Yet all existing versions of consumer theory may imply competition between any two individuals by attributing a unique utility function to each individual. If, in the extreme case of altruism, M and F are both saints, such that each would devote all of their combined resources to increasing the other's consumption level, it is not possible for both to be satisfied. They are competing to serve one another just as, in the simpler model, consumers compete to serve themselves. Thus the incorporation of altruism into utility theory does not tell us whose preferences among the members of a family are to be satisfied. When economists treat the household as a single decision-making unit, they are relying at this point on explanations from outside their discipline—on what Willis calls "the nonmarket mechanisms." We might imagine, as does J. Kenneth Galbraith in a recent article, a dominant husband/father imposing his will on the rest of the family,7 or picture a more democratic form of family politics.
We come now to a subtle but crucial distinction between traditional microeconomic theory and the theory upon which the economic analysis of most intrafamily behavior must rest.8 It has to do with the objects of human choice. The neoclassical model suggests that the consumer derives utility from the goods and services purchased in the market place out of money income. The critical "discovery," in what Gary S. Becker, an important progenitor and proponent, and others have called "the new home economics," is that market purchases seldom (if ever) contribute directly to satisfaction. They are, instead, inputs used in the production of primary items of satisfaction, which Becker calls "basic commodities."9 When an individual buys a book, what he desires and ultimately consumes is reading, or home decoration, or the appearance of intellectualism, or some combination of these. The book is a means to an end or, in the economist's language, an input in the production of some desired output or commodity.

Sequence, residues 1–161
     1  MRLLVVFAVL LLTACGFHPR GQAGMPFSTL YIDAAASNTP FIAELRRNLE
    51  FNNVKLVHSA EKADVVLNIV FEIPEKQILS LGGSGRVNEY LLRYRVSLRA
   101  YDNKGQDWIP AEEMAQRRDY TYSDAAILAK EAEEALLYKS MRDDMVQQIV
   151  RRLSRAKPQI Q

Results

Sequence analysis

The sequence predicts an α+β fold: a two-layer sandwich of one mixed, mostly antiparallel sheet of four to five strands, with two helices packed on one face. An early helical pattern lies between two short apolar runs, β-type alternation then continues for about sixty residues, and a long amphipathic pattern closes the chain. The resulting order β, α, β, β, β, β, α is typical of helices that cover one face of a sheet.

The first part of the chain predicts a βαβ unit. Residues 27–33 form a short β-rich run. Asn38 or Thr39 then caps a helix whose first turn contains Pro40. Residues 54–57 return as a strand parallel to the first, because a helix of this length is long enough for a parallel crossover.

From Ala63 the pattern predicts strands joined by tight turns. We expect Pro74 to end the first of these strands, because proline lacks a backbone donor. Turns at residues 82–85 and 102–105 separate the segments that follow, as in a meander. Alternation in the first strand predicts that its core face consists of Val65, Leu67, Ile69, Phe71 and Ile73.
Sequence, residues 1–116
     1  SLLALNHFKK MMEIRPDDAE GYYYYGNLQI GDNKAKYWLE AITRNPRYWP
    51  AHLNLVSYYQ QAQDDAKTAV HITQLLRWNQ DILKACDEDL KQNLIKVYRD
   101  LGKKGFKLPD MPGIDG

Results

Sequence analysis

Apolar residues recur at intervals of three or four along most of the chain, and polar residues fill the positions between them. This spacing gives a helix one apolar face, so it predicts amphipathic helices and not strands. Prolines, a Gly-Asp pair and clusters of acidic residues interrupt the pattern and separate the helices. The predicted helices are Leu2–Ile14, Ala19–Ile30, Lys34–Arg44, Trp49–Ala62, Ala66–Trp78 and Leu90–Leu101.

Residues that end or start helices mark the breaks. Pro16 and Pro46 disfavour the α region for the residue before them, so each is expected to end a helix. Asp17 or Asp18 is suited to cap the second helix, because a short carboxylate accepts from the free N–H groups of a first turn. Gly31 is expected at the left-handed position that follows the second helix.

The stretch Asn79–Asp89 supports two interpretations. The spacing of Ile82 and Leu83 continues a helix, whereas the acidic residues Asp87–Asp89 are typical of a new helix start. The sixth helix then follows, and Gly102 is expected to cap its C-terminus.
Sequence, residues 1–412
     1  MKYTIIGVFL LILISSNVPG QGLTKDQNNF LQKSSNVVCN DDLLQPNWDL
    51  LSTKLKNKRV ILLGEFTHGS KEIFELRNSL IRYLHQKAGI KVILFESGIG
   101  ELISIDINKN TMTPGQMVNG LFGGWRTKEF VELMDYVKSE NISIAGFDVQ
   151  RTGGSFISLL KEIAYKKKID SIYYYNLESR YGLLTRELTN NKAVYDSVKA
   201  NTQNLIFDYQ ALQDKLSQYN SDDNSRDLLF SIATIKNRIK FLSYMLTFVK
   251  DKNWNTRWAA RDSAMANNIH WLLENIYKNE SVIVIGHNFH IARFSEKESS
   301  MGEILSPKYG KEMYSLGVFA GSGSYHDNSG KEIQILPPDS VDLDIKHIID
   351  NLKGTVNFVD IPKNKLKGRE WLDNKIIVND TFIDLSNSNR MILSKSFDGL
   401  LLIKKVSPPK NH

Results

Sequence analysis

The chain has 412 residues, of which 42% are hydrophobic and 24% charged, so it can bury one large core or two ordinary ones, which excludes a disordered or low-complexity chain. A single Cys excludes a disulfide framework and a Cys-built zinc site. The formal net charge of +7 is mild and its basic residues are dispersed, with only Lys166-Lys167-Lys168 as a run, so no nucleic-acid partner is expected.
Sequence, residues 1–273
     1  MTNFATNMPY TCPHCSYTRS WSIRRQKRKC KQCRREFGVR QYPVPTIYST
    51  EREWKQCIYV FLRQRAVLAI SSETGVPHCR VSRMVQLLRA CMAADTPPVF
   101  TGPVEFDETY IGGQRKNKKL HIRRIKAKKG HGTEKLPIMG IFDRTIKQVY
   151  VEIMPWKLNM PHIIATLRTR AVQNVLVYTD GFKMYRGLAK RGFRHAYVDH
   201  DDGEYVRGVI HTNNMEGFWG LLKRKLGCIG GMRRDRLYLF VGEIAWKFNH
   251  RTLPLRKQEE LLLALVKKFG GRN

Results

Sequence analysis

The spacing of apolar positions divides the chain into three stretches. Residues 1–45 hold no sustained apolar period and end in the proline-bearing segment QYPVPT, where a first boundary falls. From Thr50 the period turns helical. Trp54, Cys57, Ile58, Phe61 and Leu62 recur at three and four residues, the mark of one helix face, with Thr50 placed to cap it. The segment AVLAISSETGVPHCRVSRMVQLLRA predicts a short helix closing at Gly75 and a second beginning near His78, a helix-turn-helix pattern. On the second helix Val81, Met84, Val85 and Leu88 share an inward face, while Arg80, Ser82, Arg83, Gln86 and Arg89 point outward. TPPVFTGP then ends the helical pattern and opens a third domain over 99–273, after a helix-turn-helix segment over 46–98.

However, the enjoyment of most (if not all) commodities requires that the consumer use his own time in addition to market purchases. Reading is a relatively time-intensive consumption activity, and what is more, there is little the individual can do to increase his output of reading without increasing proportionately his input of time. (He might enroll first in a speed-reading course, but this is an investment that presumably alters the productivity of his time spent in this activity.) In the production of other commodities there is a wide choice of production techniques, which is to say that it is possible to substitute increasing amounts of purchased inputs for decreasing amounts of family time inputs. To enjoy a gourmet meal, it is possible, at one extreme, to purchase it at La Caravelle, using up only as much of one's own time as is necessary to ingest the food (without violating the sensibilities of the chef or one's fellow patrons) or, at the other extreme, to spend the entire day at the produce markets and in the kitchen before sitting down to dine en famille.